It's 24 December, 1999. Byron Easy, a poverty-stricken poet - half-cut and suicidal - sits on a stationary train at King's Cross waiting to depart. In his lap is a bag containing his remaining worldly goods: an empty bottle of red wine, a few books, a handful of crumpled banknotes. He is on the run. Not from the usual writer's trouble - money trouble, soul trouble - but special trouble, of a type you may have problems identifying with at first.
As the journey commences, he conjures memories (painful and comic alike) of the recent past, of his roller-coaster London life, and of Mandy - his Amazonian wife - in an attempt to make sense of his terrible, and ordinary, predicament.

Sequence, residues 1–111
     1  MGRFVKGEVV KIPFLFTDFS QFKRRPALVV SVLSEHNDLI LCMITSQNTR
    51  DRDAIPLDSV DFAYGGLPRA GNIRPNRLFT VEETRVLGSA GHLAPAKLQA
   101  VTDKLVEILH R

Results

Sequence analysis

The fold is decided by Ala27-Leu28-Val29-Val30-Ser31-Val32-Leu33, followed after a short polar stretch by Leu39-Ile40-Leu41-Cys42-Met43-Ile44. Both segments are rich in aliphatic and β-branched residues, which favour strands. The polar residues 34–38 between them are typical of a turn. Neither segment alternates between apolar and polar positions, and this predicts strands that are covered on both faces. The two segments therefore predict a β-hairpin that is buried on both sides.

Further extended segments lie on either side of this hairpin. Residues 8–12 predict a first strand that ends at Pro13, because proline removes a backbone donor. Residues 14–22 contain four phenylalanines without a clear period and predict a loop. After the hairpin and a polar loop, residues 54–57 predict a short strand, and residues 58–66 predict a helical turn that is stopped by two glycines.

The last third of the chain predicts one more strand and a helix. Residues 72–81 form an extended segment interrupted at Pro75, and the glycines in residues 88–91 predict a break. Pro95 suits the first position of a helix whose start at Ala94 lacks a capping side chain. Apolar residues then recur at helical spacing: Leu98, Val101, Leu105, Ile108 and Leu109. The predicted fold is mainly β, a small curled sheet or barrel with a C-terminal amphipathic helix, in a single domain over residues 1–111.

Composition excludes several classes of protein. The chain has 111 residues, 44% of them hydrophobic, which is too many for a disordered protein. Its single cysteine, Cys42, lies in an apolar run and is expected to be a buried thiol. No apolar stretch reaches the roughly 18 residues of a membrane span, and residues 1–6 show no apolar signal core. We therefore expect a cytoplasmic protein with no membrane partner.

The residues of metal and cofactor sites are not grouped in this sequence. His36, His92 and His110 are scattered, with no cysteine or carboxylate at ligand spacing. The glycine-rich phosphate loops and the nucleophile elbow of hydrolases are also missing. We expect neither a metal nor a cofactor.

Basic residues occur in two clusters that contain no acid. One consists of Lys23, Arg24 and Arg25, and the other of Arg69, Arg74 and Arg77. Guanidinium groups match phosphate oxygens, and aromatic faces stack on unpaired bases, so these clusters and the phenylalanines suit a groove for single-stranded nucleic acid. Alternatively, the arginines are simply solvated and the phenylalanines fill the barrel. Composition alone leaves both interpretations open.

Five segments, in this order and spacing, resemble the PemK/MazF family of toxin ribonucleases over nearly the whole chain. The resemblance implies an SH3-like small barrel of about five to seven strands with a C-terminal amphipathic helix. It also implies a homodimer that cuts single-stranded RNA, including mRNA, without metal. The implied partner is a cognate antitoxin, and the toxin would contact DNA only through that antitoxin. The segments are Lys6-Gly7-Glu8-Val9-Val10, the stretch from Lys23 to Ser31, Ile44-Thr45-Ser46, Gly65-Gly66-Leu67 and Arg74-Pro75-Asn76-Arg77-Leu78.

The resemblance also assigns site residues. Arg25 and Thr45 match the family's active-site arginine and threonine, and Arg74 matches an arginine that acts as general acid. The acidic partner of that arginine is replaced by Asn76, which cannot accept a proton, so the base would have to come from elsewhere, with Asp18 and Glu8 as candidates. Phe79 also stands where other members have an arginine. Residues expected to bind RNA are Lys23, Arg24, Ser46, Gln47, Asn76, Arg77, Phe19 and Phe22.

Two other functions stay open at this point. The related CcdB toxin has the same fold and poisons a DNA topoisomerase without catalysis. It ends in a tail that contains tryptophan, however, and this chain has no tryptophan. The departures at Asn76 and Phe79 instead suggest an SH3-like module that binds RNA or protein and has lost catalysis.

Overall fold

So what has led him to this point? Where are his friends, his family? What happened to his dreams? And what awaits him at the end of his odyssey north?
Byron Easy is an epic, baroque sprawling monster of a novel, and a unique portrait of love and marriage, of the flux of memory, and of England in the dying days of the twentieth century by a young British writer of exceptional promise.